Saturday, September 26, 2009
Sunday, September 13, 2009
I'm thrilled and honored to be included in the latest issue of Paracinema magazine. My article, "Boy to Men (And Back Again)" will be featured in their seventh issue along with pieces by Adam Protextor, Todd Garbarini, James Gracey, and many more.
Two new reviews up in the latest Metro Times:
Sex with an attractive girl with no emotional strings attached? Sounds like what dreams are made of for many dudes — just look at Craigslist. If that hot girl was actually more room temperature and discovered bound in the basement of a mental hospital, this might present a problem for some dudes ... but not all. READ MORE
Scenes are crosscut with 1961 Adam in Tel Aviv, where he's confined to a mental institution with other Holocaust survivors. This section shifts from Patch Adams bathos to Awakenings pathos (though Robin Williams is nowhere in sight). READ MORE
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Monday, September 07, 2009
It used to be that when a guy dropped out/got fired from the legendary rock band KISS that their replacement would adopt a new, made-up (maked-up?) persona to fit in with the "The Demon" "The Starchild" "The Spaceman" "The Catman" pantheon.
Those are the days of the past, apparently, as current (and long-time) members Eric Singer and Tommy Thayer have officially donned the greasepaint for the current incarnation of KISS. However, they're not portraying new "characters" but those of old. Back at the end of 2001, Singer put on the whiskers to become "The Catman" for the remaining gigs in the KISS Reunion Tour after Peter Criss left the road. A few months later Thayer donned the space suit to fill out the roster when Ace Frehley departed from the group again.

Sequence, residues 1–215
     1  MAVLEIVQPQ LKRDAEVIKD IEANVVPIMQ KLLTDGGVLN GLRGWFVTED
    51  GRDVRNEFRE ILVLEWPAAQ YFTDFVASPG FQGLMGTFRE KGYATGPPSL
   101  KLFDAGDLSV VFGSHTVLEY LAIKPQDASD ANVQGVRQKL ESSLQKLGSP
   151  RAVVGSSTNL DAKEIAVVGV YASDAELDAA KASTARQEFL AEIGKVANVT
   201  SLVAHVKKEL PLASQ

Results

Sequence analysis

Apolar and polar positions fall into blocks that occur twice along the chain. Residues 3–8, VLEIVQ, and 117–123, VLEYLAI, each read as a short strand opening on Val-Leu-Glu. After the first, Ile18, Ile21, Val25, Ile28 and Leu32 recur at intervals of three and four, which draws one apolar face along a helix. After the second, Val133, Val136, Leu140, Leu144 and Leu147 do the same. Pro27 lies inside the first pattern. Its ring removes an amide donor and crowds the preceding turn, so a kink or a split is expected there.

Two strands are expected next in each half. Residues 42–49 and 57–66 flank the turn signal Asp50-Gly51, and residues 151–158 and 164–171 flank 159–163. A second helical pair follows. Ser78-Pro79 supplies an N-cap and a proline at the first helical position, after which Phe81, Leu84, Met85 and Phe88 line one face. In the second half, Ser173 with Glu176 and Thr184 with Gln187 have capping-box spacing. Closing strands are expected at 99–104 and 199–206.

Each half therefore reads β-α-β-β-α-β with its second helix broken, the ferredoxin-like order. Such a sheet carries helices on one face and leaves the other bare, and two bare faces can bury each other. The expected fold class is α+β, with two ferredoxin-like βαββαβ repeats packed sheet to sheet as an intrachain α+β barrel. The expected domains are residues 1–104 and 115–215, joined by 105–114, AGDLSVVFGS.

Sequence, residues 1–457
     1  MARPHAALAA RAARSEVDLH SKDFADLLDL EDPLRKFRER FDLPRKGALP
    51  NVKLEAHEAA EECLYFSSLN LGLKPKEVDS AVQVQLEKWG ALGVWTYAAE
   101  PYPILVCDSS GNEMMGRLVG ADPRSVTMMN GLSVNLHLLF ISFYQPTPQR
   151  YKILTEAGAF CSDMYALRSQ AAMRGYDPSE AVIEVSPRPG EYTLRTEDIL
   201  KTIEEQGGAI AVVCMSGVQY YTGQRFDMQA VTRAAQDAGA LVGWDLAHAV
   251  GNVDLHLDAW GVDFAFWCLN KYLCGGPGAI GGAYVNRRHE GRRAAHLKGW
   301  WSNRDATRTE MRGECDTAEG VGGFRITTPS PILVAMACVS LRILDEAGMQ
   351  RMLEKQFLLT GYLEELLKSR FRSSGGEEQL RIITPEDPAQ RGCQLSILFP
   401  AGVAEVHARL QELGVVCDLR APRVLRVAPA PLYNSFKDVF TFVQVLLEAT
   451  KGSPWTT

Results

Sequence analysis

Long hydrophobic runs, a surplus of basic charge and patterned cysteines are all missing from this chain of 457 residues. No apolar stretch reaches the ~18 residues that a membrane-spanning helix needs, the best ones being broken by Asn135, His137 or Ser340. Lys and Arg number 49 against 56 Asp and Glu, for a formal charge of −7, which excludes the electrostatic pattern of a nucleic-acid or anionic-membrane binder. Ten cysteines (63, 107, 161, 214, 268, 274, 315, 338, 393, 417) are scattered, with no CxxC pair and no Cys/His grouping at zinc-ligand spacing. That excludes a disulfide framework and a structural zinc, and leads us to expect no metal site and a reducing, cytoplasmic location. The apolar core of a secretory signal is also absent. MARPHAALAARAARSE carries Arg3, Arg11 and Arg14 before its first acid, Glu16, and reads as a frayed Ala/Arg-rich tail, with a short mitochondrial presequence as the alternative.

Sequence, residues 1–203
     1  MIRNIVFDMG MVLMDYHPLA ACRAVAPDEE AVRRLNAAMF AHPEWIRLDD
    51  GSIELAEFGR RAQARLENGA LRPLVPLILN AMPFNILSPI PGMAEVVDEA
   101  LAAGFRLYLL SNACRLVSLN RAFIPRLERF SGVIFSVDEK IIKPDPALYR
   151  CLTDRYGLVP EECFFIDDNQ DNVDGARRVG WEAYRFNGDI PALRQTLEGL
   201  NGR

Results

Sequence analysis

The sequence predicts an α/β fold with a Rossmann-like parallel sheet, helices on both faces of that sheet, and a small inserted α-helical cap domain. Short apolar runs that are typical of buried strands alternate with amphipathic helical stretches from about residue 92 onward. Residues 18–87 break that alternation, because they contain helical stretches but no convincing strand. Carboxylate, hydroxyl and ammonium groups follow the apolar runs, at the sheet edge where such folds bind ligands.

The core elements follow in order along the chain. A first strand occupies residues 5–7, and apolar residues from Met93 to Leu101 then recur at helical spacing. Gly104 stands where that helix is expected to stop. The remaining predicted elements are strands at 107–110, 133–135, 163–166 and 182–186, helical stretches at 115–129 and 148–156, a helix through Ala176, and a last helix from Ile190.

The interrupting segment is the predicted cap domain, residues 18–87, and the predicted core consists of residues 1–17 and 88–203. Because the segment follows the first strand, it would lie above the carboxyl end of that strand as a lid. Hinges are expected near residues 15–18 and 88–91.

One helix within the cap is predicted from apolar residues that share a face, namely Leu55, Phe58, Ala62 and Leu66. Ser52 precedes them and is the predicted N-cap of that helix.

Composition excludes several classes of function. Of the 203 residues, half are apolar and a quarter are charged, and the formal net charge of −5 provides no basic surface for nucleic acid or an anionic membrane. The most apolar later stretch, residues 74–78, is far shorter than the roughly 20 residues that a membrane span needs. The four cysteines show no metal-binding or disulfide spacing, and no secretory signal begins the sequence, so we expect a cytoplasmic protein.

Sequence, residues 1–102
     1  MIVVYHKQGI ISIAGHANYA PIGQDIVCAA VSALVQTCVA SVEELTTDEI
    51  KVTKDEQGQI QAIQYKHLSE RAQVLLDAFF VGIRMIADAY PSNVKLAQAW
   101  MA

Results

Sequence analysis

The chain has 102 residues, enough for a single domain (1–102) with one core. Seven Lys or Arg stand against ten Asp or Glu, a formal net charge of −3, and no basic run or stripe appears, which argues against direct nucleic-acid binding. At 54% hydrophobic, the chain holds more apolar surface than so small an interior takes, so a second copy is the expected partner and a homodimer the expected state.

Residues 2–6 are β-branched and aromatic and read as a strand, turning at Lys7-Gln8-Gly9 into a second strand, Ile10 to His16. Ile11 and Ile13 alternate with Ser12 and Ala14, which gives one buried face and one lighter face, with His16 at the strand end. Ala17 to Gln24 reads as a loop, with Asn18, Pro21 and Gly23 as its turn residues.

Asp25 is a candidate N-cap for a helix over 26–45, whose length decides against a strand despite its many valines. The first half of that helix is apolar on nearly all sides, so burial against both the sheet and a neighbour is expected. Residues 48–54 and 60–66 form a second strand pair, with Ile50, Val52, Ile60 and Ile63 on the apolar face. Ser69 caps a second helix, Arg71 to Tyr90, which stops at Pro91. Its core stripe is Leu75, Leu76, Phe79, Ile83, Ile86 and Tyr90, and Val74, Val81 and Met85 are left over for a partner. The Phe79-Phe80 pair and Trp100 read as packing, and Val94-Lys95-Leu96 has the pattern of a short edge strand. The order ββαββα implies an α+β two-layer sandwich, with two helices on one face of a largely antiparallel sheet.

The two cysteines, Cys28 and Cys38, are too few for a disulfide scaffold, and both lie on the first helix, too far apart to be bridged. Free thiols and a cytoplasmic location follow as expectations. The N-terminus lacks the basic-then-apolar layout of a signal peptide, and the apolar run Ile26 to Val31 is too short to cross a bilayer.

Since then it's been Singer and Thayer as "The Catman" and "The Spaceman." Had this been the early '80s, Singer and Thayer may have adopted new make-up designs. That was the case for drummer Eric Singer and guitarist Vinnie Vincent. These unfortunate musicians joined KISS when the idea of someone slapping on the Criss or Frehley make-up must have seemed distasteful. Or, perhaps, the characters had been so associated with Criss and Frehley than a switch-up would just be too odd. Regardless, Carr and Vincent endured the early days of their tenure in KISS as "The Fox" (originally "The Hawk") and "The Ankh Warrior". So, yeah, maybe Singer and Thayer just recycling Criss and Frehley's make-up is for the best.
Sunday, September 06, 2009
Surveillance (Jennifer Chambers Lynch, 2008)
Returning to the director’s chair after a fifteen year hiatus, Jennifer Chambers Lynch delivers a taut, albeit predictable, thriller. Surveillance would have felt more at home in the early ‘90s as a fast follow-up to her initial outing, Boxing Helena, as many of the characters feel as if they’ve been taken from her dad’s playbook. Corrupt cops and odd FBI agents populate Surveillance, as if they were refugees from the first act of David Lynch’s Fire Walk With Me. Viewers expecting the quirky charm of an Agent Chet Desmond (Chris Isaak) or grim humor of Sheriff Cable (Gary Bullock) will be sorely disappointed. Odd moments of humor crop up during Surveillance but they feel awkward and sloppily integrated with the film as a whole.